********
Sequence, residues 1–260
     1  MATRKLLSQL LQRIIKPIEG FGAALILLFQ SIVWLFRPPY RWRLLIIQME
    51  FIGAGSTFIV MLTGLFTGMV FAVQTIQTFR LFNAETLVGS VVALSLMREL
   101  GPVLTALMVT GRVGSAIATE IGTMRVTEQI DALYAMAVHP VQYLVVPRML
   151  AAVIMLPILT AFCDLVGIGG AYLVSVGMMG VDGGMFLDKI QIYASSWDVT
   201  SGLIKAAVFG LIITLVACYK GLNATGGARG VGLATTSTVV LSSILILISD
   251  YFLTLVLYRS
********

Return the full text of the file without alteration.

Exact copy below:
Sequence, residues 1–260
     1  MATRKLLSQL LQRIIKPIEG FGAALILLFQ SIVWLFRPPY RWRLLIIQME
    51  FIGAGSTFIV MLTGLFTGMV FAVQTIQTFR LFNAETLVGS VVALSLMREL
   101  GPVLTALMVT GRVGSAIATE IGTMRVTEQI DALYAMAVHP VQYLVVPRML
   151  AAVIMLPILT AFCDLVGIGG AYLVSVGMMG VDGGMFLDKI QIYASSWDVT
   201  SGLIKAAVFG LIITLVACYK GLNATGGARG VGLATTSTVV LSSILILISD
   251  YFLTLVLYRS